What is pathetic in this use of a single sentence out of context, is that even to the most limited of readers, the context should seem most clear. Paul is not out of the blue announcing that it is a teaching of Christ that that no one who fails to work shall not eat.

This flies in the face of Matthew 25 which says something quite different:

Mathew25aThis is the great teaching of Christ.

This is what needs be followed by all who would claim the name of Christian.

While we keep these writings about scripture and faith, we urge readers to contact their congress person and demand that the cuts in SNAP be restored.

Surely we are better than this.

Amen.

Matthewc

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Modeling Dos and Don’ts

Be-a-healthy-role-model-for-your-kids-615x250Children are the best at being excited. Nothing can touch them in their ability to engage in simple raw thrill. They dance, they wiggle, they screech with joy, racing from place to place, in a bout of pent-up energy and enthusiasm for whatever they are anticipating.

Nothing is more anticipatory than Christmas.

Indeed, it used to be that after Thanksgiving we had a week or so to kind of get ready, to organize our lists and plans before we began the preparations for the big day. No more, in fact Christmas intrudes upon Thanksgiving, taking away whatever peaceful thanks we originally enjoyed in that day. We must now, if we are into bargains, supposed to spend part of our Thanksgiving standing in lines and racing through stores to get those “to the first 50 customers” bargains.

It is not the fault of our kids that they are reminded from before Halloween that Santa is not far behind.

They are understandably in a tizzy, but as adults, so are we, for we are hammered upon to keep up with all the doings of the season. We must decorate, not just on the inside but on the outside as well to make sure that we are showing the appropriate amount holiday joy. We must bake and cook up creative desserts and cookies. We must plan the holiday feast. We must mail out cards and that is not sufficient, we must include “yearly updates” to far-flung friends and relatives to “catch them up” on our lives, or our accomplishments at least.

Last and most important, we must shop ’til we drop and then wrap everything in delightful wrapping and bows to elicit loud oohs and aahs on Christmas morn.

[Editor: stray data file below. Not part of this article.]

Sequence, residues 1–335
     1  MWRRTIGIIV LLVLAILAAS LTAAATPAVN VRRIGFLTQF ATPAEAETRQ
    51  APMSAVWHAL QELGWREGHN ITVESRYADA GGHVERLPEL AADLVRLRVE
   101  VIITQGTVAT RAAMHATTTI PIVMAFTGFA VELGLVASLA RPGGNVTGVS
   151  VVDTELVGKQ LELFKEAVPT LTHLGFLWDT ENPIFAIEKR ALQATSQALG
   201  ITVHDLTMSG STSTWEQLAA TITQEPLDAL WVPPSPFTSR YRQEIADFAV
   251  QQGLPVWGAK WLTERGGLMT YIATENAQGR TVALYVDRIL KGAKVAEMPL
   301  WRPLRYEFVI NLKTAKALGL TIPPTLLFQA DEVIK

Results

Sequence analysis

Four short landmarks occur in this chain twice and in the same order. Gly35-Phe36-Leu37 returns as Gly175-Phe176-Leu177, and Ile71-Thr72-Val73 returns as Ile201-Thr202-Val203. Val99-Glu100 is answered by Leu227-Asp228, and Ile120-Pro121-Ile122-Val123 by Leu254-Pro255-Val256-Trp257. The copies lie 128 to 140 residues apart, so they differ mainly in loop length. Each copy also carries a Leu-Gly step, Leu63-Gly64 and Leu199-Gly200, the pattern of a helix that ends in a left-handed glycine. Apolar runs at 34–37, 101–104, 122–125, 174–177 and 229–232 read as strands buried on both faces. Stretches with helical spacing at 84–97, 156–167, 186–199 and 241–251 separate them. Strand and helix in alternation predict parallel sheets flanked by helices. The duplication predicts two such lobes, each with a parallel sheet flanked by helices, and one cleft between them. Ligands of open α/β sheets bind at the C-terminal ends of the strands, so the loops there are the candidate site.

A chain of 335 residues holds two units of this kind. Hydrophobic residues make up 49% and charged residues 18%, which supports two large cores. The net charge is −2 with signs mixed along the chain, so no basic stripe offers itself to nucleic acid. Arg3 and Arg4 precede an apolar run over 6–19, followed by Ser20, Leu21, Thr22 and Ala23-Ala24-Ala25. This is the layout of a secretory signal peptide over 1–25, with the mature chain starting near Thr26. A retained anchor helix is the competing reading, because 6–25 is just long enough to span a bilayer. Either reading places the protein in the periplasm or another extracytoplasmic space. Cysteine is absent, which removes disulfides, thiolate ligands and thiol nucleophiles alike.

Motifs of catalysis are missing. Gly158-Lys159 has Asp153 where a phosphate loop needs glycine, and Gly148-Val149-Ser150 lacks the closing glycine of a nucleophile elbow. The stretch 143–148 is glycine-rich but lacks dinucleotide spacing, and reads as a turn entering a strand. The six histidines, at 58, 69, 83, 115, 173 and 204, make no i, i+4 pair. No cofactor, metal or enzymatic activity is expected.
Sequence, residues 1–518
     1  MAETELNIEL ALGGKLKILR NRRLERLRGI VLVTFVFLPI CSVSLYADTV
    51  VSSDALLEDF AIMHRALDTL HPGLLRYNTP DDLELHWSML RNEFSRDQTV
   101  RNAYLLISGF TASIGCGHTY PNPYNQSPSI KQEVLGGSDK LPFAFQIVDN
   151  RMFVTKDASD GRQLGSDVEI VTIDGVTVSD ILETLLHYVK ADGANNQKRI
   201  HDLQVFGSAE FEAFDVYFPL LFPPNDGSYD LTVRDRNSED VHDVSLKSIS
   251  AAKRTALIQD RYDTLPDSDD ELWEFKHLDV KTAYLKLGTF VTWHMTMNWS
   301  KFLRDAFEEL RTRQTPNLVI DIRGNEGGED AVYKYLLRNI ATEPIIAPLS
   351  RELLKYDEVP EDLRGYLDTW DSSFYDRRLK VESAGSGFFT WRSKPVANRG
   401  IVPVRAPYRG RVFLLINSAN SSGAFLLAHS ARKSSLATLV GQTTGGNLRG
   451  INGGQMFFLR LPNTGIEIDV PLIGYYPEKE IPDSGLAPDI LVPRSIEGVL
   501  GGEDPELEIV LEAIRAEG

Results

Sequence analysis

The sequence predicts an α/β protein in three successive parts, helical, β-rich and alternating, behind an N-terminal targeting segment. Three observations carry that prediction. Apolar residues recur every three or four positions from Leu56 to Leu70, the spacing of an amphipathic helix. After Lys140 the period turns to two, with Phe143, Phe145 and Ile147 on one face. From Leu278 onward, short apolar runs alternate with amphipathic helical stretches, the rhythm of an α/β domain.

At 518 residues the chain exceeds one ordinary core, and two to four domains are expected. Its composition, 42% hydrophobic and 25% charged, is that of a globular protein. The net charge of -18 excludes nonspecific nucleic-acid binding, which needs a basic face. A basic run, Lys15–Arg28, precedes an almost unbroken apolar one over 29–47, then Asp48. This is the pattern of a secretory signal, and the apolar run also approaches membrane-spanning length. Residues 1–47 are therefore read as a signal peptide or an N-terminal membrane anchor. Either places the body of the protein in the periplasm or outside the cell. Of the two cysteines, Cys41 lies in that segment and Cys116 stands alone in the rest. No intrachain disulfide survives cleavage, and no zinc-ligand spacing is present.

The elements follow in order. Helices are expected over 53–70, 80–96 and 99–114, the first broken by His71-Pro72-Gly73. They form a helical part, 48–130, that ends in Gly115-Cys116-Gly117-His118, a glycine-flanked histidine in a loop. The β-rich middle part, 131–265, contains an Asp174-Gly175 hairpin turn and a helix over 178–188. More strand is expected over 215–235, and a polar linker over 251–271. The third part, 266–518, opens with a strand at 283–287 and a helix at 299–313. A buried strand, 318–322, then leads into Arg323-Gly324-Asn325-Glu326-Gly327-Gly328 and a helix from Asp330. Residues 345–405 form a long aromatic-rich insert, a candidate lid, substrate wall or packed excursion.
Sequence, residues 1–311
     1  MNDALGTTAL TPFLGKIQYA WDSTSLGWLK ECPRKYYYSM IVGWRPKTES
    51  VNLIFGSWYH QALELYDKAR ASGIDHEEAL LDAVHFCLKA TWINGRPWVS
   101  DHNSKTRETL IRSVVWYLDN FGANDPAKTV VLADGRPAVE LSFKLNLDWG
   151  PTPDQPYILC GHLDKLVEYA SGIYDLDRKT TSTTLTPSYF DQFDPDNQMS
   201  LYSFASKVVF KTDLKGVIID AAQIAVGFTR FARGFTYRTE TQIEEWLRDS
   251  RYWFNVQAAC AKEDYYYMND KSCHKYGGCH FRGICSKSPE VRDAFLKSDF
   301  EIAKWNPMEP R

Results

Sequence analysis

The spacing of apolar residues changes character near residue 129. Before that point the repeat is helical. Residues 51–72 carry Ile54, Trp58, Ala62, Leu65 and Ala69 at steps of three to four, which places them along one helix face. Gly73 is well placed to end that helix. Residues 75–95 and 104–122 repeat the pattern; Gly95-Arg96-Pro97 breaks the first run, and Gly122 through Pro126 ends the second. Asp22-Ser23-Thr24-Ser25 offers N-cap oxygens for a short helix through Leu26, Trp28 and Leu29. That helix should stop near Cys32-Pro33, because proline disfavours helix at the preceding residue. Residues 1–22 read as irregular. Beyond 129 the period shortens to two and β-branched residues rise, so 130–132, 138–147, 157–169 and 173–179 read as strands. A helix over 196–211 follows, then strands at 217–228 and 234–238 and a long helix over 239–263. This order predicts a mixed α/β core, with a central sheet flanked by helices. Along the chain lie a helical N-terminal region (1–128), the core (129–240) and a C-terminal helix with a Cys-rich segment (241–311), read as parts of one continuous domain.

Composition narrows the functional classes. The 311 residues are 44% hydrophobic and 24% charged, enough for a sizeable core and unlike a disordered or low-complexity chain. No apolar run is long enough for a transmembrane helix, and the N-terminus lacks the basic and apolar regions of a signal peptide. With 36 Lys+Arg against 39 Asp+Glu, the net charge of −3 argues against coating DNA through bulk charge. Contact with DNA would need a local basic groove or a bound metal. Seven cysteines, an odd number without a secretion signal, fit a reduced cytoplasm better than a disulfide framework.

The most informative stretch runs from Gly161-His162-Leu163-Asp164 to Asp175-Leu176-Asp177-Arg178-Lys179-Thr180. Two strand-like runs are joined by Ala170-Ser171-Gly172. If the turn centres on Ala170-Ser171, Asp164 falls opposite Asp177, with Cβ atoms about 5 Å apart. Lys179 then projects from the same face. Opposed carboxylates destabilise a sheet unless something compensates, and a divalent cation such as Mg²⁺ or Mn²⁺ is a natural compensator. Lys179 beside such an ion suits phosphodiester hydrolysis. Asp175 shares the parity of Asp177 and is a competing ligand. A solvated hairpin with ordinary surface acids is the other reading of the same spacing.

And we must do all this, while perhaps still working a job, getting a meal on the table every night, cleaning the house, doing the laundry, attending to all our other little tasks as well as all the new ones that come alone this time of year, such as school pageants and office parties.

Is it any wonder that adults are frazzled and short-tempered?

Is it any wonder that the most famous of all holiday songs in our families are “Santa Claus is Coming to Town” with the harsh admonitions to “better not pout, better not cry”! Our kids are unable to contain themselves, and parents demand they do!

Our readings today bring us back to reality. Indeed, they show us how to handle this massive commercial extravaganza. It places it all into perspective.

While we are all fond of saying, “Jesus is the reason for the season” we don’t act that way often.

Finally, brothers and sisters,
we earnestly ask and exhort you

in the Lord Jesus that,
as you received from us
how you should conduct yourselves to please God
and as you are conducting yourselves
you do so even more.
For you know what instructions we gave you through the Lord Jesus

So Paul tells the Thessalonians. Conduct yourself in the way that we showed you. Remember how we acted toward you. Act thusly toward others. This is what will please the Lord.

In Luke, Jesus explains how we should not act:

“Beware that your hearts do not become drowsy
from carousing and drunkenness
and the anxieties of daily life,
and that day catch you by surprise like a trap.
For that day will assault everyone
who lives on the face of the earth.
Be vigilant at all times
and pray that you have the strength

to escape the tribulations that are imminent

and to stand before the Son of Man.”

Of course, Jesus was not speaking about Christmas, he was speaking about the time of his return, a time unknown to even him.

But it is telling isn’t it. This is the season for that “carousing and drunkenness”; this is the time when the “anxieties of daily life” distract us from our purpose. We are constantly making lists and checking them twice. We are designing our driving routes to be efficient. We are planning meals to keep room in the fridge, and eat up left-overs. We are looking for the quick meals–no doubt the fast food markets do a booming business at this time of year. We are busy.

So busy that we barely find the time to squeeze in a Sunday service, and no doubt we are off to the mall as soon as the last amen is uttered.

Yet, what are we modeling here?

Are we creating  more slightly schizophrenic children, who will grow up to engage in their own forms of insane busy-ness all the while screaming at their kids to “knock it off” or you won’t be seeing Santa this year? Are we modeling frenetic behavior as the “way it is” around the end of the year? Are we racing from store to store, with last second shouting orders of “don’t forget to pick up the wine from the vendor!” as your spouse heads out the door on yet another round of must do tasks?